Transport of molecules or heat due to the movement of the surrounding medium.
An effect that attenuates or reduces mechanical oscillations or vibrations.
Migration of polarizable particles in an electrolyte in a nonuniform applied electric field.
Transport of material resulting from the random motion of molecules in the presence of a concentration gradient.
See electric double layer.
A nonpermanent deformation that recovers its shape completely upon the release of an applied stress.
electric double layer
(EDL) At the contact of a solid and a polar fluid (such as water), the solid acquires an electric charge. This charge attracts ions within the fluid, and a narrow fluid layer of opposite charge, the Stern layer, forms on the boundary. In addition, adjacent to the Stern layer, a wider layer with the same charge as in the Stern layer forms in the fluid. Together, the Stern layer and the wider layer (called the diffuse or Gouy-Chapman layer) form the electric double layer. Due to the close distance between the charges, the Stern layer is fixed on the surface, but the more distant diffuse layer can move.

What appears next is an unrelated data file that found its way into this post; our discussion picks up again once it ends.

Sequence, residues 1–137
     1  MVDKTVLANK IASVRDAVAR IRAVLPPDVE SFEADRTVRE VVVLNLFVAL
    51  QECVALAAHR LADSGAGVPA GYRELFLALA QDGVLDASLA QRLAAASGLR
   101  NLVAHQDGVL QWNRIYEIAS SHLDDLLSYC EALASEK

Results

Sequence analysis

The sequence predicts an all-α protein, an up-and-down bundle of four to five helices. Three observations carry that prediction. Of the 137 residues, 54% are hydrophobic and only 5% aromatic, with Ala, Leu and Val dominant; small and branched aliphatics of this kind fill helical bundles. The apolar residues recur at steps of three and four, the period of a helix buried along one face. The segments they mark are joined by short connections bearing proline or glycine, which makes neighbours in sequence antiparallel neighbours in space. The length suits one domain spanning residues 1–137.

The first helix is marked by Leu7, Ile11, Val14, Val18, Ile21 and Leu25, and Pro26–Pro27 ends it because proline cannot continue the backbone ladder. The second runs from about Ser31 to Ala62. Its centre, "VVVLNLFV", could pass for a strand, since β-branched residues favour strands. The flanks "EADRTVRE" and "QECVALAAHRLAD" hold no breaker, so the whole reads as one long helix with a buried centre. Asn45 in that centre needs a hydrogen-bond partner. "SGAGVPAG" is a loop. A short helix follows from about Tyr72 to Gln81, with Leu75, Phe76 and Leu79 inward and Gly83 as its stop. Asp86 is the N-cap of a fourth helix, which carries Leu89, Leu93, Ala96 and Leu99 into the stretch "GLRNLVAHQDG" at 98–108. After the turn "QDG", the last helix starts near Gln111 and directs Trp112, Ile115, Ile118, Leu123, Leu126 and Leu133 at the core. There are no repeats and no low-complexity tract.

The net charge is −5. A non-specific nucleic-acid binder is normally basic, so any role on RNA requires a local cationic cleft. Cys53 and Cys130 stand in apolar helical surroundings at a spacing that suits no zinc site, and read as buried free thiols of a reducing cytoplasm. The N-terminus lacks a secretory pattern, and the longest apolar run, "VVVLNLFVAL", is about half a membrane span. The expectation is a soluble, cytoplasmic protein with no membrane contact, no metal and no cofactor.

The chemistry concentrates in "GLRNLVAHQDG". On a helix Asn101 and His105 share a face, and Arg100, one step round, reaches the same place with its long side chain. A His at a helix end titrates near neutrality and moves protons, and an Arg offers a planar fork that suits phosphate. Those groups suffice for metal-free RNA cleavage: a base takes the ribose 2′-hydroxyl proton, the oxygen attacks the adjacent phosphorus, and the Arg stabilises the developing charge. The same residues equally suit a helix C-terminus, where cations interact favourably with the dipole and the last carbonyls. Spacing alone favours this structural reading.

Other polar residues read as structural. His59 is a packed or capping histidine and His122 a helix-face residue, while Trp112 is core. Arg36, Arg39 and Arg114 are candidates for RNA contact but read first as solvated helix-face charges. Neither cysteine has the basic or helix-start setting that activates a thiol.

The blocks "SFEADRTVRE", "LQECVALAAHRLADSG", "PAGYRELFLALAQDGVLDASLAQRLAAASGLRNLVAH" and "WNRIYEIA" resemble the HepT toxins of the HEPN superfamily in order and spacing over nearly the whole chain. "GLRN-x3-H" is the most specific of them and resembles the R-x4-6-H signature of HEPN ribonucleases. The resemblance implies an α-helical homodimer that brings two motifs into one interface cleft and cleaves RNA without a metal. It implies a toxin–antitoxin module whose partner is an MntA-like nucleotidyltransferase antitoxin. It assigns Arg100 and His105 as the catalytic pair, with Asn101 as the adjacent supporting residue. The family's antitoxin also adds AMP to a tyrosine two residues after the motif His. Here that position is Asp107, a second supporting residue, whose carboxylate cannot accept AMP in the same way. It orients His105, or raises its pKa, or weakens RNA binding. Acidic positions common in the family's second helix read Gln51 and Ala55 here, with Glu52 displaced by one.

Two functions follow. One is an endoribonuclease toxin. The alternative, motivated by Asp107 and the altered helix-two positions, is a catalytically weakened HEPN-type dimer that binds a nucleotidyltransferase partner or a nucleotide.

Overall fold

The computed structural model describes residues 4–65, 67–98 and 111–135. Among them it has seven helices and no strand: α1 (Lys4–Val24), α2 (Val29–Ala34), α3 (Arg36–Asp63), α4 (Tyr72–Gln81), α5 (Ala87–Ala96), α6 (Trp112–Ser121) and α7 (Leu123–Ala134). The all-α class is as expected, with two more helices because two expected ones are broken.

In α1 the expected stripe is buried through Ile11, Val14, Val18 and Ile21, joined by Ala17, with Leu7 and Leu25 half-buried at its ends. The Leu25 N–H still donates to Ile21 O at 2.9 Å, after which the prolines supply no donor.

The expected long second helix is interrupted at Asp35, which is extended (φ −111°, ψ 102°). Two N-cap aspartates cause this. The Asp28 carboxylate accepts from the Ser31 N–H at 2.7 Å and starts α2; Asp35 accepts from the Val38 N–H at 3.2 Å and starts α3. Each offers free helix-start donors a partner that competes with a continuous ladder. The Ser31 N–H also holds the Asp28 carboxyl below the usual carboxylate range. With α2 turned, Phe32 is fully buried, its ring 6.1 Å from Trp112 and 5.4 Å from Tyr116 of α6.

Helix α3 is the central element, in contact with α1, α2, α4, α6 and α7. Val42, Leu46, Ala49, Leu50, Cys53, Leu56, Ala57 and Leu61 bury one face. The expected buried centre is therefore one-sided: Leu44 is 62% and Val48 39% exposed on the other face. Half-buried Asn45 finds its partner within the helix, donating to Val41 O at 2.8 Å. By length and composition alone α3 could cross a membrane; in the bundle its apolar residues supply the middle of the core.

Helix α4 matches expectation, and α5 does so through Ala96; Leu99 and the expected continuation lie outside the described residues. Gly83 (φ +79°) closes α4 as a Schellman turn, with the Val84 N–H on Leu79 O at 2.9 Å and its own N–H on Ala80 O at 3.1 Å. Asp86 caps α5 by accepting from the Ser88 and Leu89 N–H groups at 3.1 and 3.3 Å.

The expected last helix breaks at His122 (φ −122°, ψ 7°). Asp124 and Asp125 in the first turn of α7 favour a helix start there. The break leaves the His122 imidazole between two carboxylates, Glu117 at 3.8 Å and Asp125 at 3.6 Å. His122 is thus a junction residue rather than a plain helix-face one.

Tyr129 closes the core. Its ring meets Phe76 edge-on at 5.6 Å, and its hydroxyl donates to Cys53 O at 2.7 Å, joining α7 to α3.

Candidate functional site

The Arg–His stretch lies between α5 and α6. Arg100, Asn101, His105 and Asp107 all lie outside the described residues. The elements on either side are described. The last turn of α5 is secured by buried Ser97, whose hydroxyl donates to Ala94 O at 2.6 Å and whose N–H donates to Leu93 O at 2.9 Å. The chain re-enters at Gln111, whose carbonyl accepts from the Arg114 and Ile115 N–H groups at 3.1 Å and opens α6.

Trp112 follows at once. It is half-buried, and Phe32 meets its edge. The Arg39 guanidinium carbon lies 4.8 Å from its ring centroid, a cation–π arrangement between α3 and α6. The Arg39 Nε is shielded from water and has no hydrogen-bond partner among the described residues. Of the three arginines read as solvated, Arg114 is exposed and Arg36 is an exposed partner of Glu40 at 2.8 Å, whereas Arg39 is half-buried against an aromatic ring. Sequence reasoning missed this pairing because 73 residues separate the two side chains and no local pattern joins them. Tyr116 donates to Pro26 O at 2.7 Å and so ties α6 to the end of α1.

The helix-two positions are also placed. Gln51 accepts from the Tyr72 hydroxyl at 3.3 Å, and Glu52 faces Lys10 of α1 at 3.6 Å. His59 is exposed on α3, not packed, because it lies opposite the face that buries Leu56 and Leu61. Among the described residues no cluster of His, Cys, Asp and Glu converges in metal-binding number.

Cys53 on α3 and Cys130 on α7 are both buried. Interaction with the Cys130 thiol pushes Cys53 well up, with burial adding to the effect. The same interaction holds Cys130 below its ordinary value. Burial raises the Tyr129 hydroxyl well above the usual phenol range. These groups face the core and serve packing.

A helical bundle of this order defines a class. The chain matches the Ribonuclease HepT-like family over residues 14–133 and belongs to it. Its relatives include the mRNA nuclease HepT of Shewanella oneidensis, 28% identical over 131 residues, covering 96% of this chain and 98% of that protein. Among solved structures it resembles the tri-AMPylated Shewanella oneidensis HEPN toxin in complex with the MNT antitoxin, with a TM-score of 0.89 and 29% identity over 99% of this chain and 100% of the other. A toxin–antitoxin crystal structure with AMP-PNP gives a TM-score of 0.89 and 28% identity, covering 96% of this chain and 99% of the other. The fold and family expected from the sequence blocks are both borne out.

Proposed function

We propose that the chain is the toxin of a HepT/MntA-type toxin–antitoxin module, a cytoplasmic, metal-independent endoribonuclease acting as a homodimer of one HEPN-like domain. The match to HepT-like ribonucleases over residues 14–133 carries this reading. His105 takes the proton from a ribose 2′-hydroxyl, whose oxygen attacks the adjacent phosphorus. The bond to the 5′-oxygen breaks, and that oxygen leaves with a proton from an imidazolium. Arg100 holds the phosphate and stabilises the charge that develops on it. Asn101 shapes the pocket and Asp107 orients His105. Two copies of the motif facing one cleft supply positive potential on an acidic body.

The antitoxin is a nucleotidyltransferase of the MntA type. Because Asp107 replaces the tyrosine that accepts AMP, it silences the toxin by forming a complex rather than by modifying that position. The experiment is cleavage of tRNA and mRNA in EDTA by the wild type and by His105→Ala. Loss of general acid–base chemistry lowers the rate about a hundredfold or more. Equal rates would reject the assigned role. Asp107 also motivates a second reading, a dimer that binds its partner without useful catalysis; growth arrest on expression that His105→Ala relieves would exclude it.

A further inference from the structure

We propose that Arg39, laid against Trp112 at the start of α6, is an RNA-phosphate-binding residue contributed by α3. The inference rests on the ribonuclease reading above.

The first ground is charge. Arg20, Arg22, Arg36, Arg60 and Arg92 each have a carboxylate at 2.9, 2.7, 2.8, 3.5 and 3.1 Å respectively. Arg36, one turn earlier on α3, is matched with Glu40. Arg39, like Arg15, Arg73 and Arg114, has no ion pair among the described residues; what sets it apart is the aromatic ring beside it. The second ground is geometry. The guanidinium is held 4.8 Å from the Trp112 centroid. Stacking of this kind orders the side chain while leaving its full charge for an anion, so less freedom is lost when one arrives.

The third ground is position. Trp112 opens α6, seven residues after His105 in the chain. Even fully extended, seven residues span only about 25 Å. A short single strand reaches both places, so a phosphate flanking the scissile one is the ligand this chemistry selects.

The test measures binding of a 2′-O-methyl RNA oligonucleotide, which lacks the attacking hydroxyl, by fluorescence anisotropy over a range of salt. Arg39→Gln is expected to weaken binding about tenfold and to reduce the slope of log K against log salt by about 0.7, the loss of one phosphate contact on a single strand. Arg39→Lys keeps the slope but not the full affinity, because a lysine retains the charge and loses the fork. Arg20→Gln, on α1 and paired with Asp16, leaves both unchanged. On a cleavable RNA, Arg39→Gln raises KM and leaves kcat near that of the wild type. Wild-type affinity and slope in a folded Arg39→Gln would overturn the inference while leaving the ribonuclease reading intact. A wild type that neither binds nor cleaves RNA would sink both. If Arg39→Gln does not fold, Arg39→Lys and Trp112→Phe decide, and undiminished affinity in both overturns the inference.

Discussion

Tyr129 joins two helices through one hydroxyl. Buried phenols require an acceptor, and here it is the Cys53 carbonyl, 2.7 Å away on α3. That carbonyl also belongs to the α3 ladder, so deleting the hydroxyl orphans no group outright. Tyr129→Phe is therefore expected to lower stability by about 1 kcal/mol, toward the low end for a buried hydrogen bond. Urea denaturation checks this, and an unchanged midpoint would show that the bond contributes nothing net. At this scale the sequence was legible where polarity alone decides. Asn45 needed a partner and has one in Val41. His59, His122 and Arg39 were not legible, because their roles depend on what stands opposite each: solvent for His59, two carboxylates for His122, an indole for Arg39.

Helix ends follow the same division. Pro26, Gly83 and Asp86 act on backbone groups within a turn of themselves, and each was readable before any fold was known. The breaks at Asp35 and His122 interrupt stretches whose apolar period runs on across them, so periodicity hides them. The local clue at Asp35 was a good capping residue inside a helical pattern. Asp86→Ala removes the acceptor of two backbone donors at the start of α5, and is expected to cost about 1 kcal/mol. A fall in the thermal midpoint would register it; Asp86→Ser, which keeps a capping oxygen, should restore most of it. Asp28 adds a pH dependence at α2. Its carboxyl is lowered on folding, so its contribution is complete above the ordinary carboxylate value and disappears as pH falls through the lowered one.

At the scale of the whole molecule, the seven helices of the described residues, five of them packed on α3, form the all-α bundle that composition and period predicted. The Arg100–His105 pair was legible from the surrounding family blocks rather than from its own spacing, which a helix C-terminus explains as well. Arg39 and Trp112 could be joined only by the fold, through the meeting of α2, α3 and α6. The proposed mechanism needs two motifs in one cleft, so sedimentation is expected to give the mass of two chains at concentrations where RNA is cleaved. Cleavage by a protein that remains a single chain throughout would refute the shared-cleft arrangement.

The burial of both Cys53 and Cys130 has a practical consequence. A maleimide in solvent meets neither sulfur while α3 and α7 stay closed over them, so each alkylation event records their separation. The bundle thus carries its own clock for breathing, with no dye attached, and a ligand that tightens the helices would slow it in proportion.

Study of the motion of charged particles under an applied electric field in moving substances such as water.
Transport of fluid or charged particles within a fluid by means of electric fields. See also electroosmosis, electrophoresis, electrothermal flow, and dielectrophoresis.
A solution that can carry an electric current through the motion of ions.
Fluid flow in a narrow channel produced by the movement of the electric double layer (EDL) along the channel boundary under the influence of an applied electric field. Also, fluid flow through a membrane under the influence of an applied electric field. See also electric double layer.
Migration of charged electrolyte ions in an applied electric field.